I immediately took the dog to a vet, who explained that Maple Mandy needed to be dewormed, that he was probably living in a vermin-infested home, and that there was no point in taking him back to that environment until it had been fumigated. I slapped my credit card down to board him and get him human-priced treatments at the animal hospital – then went to see my landlady at the human hospital.
Fortunately, the social worker had just been to visit and had put the fear of God in her. Given her age, the social worker had explained, and given she had no family to care for her, the hospital would have to do a home inspection before she would be released. If it was as bad as it had been described to her, the social worker said, my landlady might be deemed unable to care for herself. Animal Control could remove her pets and she could be placed in a city facility.
This news had snapped my landlady into a rare moment of clarity.
“I can’t believe I let the house get that bad,” she said. “I knew it was bad, but I can’t believe I didn’t see how bad it really was.”
I seized the moment for an intervention. I told her that she was abusing her animals through neglect. That they were filled with worms. That I couldn’t let her go back there.
And then she begged me: “I’ll give you the money,” she said. “You’ve got to get the house professionally cleaned, before they inspect it so I can go home.”
She gave me a few thousand dollars, told me to call someone in her church to help hire cleaners, and said, “The house has to be clean.”
I went about it, with the help of about a dozen paid professionals who said it was the most disgusting apartment they had ever cleaned. Everyone wore gloves, goggles and masks.
Despite all those cats, there was an infestation of mice between the floorboards, along with fleas, roaches, spiders and spider eggs. We started with one of two fumigations. We then took all items that could be salvaged (papers, jewelry, books, utensils, tools) and put them in clear plastic 30 gallon bags so that my landlady could sort them and put them away when she returned. There were about 100 of these bags.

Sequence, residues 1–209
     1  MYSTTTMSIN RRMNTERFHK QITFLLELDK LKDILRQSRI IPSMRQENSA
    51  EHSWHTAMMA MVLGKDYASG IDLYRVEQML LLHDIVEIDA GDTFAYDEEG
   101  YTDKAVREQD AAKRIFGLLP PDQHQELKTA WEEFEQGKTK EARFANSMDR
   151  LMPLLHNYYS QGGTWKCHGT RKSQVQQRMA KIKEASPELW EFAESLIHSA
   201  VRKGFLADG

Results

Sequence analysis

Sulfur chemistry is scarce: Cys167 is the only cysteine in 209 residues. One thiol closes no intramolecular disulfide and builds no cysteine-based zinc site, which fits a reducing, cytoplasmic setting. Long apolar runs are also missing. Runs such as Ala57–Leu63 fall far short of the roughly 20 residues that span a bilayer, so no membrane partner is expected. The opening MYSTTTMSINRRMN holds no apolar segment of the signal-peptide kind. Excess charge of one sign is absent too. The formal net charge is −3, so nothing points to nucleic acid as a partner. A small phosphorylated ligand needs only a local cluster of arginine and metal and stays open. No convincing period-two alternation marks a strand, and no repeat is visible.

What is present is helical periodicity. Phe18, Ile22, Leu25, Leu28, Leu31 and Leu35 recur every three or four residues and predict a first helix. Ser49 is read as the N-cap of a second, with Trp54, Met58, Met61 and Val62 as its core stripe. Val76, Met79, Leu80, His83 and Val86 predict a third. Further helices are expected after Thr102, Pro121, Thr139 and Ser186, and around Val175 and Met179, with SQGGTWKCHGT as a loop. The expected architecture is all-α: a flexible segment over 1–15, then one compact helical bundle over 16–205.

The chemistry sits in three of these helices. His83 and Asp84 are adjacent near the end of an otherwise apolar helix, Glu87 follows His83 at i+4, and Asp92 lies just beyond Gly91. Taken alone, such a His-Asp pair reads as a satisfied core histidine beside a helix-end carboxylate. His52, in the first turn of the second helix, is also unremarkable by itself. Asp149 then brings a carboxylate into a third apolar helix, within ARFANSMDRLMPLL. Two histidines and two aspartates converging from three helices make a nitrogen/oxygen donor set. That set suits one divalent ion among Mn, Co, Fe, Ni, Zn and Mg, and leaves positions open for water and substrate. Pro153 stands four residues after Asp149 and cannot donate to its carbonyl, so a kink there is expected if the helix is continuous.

Everything cloth had to be sent to an industrial cleaner for washing; much of it had to be run through twice. I personally picked up all the cloth from the floor, and I filled some 30 gallon bags, weighing about 1,500lb in total.
But perhaps the most horrid place was the kitchen. There were hundreds of roaches inside the refrigerator. There were moths and mice feces in dry food containers. There were canned goods that were more than 10 years past their expiration dates. Her box of teas (which, I’m afraid, I had been served from) was crawling with bugs. Many of her cooking utensils were caked with rust. She had been cooking meals for the homeless once a month from that kitchen, and I wondered what kinds of rancid food those poor people had been subjected to.
Many disgusting items were hidden from sight. If a chair was peed on by a cat, a sheet would be thrown over it. If another cat vomited on that sheet, another sheet would be thrown on top of it. Then another. It wasn’t unusual to find 10, 15 layers of cloth on any given surface.